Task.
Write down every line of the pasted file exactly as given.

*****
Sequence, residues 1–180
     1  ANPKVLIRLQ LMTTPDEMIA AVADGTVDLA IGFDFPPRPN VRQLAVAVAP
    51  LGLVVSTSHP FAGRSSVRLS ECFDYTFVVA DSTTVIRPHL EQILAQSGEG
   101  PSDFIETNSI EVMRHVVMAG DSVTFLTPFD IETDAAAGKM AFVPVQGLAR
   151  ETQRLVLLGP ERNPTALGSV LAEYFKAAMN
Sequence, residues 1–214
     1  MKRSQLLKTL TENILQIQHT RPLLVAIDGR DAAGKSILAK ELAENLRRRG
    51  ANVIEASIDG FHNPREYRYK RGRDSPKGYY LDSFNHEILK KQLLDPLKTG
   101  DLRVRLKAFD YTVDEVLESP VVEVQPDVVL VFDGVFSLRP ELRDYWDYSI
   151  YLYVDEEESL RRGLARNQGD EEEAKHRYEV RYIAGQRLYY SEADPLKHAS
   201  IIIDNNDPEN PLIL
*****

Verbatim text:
Sequence, residues 1–180
     1  ANPKVLIRLQ LMTTPDEMIA AVADGTVDLA IGFDFPPRPN VRQLAVAVAP
    51  LGLVVSTSHP FAGRSSVRLS ECFDYTFVVA DSTTVIRPHL EQILAQSGEG
   101  PSDFIETNSI EVMRHVVMAG DSVTFLTPFD IETDAAAGKM AFVPVQGLAR
   151  ETQRLVLLGP ERNPTALGSV LAEYFKAAMN
Sequence, residues 1–214
     1  MKRSQLLKTL TENILQIQHT RPLLVAIDGR DAAGKSILAK ELAENLRRRG
    51  ANVIEASIDG FHNPREYRYK RGRDSPKGYY LDSFNHEILK KQLLDPLKTG
   101  DLRVRLKAFD YTVDEVLESP VVEVQPDVVL VFDGVFSLRP ELRDYWDYSI
   151  YLYVDEEESL RRGLARNQGD EEEAKHRYEV RYIAGQRLYY SEADPLKHAS
   201  IIIDNNDPEN PLIL